Posted: Mon 19th Nov 2012
Marketeers for internet companies have never had it so good, writes Ian (left). For the first time ever information is readily accessible; and what's more, there's tons of it. The beauty is we can constantly test and experiment and get almost instant feedback. Through tactics like analysing the channels that drive traffic or measuring margins on projects, we can quickly make an informed decision on what works and what doesn't in every project or service we implement.
Painlessly, a campaign can evolve very quickly, with elements tweaked or optimised in response to the figures. Sometimes it's like hitting a seam, and you find a mine of opportunities from just one data-based lead. For this reason, campaigns become relatively low risk as the testing process is quick and you can cut your losses. In vast contrast to above the line, where you're at the mercy of expensive print runs, time-consuming design briefs and often flawed focus groups.
What this means is science now has real relevance to a discipline traditionally regarded as an art. It's all about maths, the numbers and the best variable combination. As is the discipline of a scientist: gone are the stereotypical liquid lunches; and in are days of constant trialling and testing. The passion remains though. Yes, success is cut and dry: either the figures are good or they're not and it all comes down to the bottom line. However creativity is still a pre-requisite for generating the initial campaign and it's here where gut instinct remains. Plus there will always be problems to solve. As a service provider, your customers will be a constant source of issues, which in turn will drive inspiration.
That said, we purposefully recruit people from a science background as marketeers. We share the belief of Hal Varian, chief economistÂ atÂ Google who believes the futureÂ belongs to the companies andÂ peopleÂ that turnÂ dataÂ into products. In order to move faster and keep ahead of our competitors, we need a marketing team of people who can put data to use. Granted, it's hard to recruit these people. But that's primarily because the people we need don't know this job exists as a career for their skills. But it's exactly why we employed our marketing director Sean Blanks, ex-British Aerospace, and it's for this reason we're now a business with a Â£20m turnover. To be a market-leader - whatever your business - we recommend that you obsess over data. We often find serial entrepreneurs struggle with this single-minded approach: their brain is already racing to the next project. However by concentrating on just one or two things at a time, you can test a system to finality.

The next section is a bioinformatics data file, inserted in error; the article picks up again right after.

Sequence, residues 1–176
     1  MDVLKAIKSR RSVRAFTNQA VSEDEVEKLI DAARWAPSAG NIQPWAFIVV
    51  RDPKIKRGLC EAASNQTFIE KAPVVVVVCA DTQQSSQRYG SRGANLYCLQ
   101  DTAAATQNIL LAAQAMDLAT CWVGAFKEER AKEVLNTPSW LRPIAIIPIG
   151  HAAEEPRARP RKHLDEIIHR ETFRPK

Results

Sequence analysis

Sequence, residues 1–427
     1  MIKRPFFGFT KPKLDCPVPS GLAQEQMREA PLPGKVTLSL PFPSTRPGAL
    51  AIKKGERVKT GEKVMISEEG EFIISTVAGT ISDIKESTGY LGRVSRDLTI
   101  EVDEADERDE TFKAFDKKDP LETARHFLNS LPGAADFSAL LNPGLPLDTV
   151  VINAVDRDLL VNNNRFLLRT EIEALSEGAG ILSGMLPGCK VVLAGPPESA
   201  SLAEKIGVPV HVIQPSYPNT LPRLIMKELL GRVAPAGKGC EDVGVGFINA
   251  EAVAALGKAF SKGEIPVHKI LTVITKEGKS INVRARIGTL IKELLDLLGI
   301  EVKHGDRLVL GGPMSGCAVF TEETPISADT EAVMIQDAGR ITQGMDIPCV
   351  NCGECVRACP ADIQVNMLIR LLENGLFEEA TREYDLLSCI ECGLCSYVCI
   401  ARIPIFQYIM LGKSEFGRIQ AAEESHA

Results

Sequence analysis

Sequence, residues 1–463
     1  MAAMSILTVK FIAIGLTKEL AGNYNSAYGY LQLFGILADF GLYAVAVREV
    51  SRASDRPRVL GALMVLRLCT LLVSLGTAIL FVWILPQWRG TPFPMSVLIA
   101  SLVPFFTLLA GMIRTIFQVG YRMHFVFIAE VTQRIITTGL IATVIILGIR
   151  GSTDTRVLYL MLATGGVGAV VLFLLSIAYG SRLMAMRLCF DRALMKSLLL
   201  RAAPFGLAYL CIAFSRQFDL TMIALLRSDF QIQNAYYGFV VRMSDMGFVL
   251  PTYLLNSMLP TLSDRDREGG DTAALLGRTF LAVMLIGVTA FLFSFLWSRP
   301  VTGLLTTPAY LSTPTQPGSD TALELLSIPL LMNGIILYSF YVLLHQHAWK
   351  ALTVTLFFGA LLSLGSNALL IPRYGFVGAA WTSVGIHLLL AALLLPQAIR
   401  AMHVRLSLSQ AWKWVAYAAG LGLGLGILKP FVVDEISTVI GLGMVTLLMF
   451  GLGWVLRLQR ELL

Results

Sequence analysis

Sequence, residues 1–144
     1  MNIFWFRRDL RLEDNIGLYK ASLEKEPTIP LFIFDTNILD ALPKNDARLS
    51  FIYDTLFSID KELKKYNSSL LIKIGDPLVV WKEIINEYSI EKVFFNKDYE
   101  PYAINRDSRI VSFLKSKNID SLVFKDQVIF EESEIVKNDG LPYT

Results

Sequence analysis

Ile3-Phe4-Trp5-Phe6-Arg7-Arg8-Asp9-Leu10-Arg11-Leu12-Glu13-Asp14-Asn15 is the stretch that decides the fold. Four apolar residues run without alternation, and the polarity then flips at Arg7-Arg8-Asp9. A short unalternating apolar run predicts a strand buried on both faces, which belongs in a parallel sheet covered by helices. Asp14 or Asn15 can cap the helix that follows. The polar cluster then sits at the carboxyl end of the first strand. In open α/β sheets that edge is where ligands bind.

The tools needed to test are as applicable to an online retailer as a sandwich shop. Comparing competitor prices, measuring the success of one dish over another, are all important to getting ahead - as is working out your short-term goals (what are your quick wins?), your medium term targets (implementing the quick wins), and your long-term aim (where do you want your business to be?). We also suggest you look at who is doing well. What could you learn from them and their approach? Finally, keep it in-house. Knowing what your customers respond best to and learning how to influence that choice, is imperative to making your company a success. Ultimately we're encouraging a new breed of marketing men and women. All cadets of the Data Army. But this is because all business owners have access to the same sets of data: the only thing that sets us apart is who can get the most out of it. Ian Cowley is the founder of Cartridge Save, the UK's largest dedicated printer cartridge company. Using a scientific approach to marketing Ian and his marketing director Sean Blanks, have created a Sunday Times Fast Track 100Â e-retailer which manages 30,000 orders a month; ranks above all its competitors on independent shopper surveys on sites including Google, Pricegrabber and Shopzilla; and is the UK's fastest growing printer supplies retailer in terms of sales. Photo credit: James Vaughan
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